So what do we do with the metropolitan urban limits now?  Do we expand them to reflect the expansive nature of our new city?  Or tighten them up in the iron grip of a single council, leaving the bulk of the city's new territory rural?  Or, do simply extend them here and there as demand, expediency, and circumstances dictate?  
Here’s an idea.  What if the edges of the city were actually designed by reference to the physical geography of the region, its cultures, heritage and prospects?  Or even by thinking about how to provide for what people like about living in Auckland, including easy access to countryside and coast?
Auckland is a long, narrow region.  Much of it is peninsula indented with estuaries and creeks, cut off by ranges and coastlines.  This provides constraints and opportunities.  In response to our geography, to the constrained nature of the CBD and the isthmus, and perhaps to past infrastructure failures , business and households have already decentralised to more amenable and affordable surroundings .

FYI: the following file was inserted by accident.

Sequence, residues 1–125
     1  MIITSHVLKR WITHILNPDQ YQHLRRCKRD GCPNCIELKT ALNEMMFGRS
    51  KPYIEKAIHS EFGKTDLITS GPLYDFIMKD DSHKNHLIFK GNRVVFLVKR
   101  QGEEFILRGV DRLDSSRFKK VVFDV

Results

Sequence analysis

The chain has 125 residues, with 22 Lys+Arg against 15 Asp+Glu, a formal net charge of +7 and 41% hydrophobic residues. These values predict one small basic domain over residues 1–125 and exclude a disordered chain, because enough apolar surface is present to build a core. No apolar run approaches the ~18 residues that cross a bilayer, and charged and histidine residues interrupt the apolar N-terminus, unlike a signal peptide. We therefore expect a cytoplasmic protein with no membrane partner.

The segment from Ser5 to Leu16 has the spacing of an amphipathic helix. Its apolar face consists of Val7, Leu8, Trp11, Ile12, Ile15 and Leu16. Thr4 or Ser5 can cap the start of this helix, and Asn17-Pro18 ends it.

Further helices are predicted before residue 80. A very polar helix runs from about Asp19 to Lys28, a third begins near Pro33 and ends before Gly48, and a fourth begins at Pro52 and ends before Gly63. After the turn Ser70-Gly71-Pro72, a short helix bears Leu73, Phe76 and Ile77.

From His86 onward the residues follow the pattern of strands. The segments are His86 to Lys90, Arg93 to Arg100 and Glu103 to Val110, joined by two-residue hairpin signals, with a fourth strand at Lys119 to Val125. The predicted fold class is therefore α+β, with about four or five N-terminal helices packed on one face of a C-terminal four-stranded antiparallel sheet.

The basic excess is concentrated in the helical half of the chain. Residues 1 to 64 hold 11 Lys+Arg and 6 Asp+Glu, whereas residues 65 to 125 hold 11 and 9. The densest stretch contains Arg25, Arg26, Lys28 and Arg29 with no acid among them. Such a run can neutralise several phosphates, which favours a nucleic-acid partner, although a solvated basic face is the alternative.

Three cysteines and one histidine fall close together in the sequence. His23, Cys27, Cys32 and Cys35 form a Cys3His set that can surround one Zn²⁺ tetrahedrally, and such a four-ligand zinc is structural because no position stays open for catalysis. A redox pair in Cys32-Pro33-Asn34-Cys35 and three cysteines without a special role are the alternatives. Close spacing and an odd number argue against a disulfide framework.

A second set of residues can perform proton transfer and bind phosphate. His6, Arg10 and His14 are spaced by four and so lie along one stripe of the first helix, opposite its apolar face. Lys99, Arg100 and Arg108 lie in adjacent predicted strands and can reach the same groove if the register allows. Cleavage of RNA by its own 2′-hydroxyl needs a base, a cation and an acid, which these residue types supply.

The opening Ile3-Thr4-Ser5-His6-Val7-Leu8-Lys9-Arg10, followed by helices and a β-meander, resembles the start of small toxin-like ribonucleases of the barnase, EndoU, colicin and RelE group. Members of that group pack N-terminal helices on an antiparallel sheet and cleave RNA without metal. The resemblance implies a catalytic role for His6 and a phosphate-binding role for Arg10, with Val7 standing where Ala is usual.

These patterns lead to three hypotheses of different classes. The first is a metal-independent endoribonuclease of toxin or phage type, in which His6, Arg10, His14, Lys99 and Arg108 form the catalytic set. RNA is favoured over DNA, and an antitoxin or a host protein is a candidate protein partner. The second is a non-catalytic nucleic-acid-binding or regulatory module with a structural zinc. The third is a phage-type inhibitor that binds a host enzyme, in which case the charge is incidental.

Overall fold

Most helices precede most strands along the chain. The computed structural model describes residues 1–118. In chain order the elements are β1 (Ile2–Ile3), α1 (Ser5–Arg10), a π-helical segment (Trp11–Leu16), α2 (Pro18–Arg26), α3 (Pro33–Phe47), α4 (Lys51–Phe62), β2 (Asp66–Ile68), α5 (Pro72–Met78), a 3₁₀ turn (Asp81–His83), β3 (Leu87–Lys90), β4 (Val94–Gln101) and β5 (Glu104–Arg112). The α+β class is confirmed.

Perhaps this is a clue as to how we might ensure a sustainable, resilient, and attractive city, one which appeals to residents as well as planners.  Maybe Auckland’s future lies to the north and south, rather than concertinaed in the middle. 

Let's think seriously about the alternatives.
It could, for example, be based on a string of stand-alone settlements connected to a strong arterial corridor formed by highway and railway.  Such settlements could have a definitive  rural edges if that’s what their residents want, and busy, human-scale centres.  Wellsford, Warkworth, Orewa, Dairy Flat, Riverhead, Coatesville, Helensville, and Waimauku in the north and west are all potential candidates.  So are Drury, Takanini, Tuakau, Pokeno and probably more in the south.  
Rather than stacking apartments along corridors and around centres designed for smaller numbers and a different age, we could use imaginative design to populate interconnected towns of perhaps 20,000 residents each in the hinterland, and a few more in rural villages.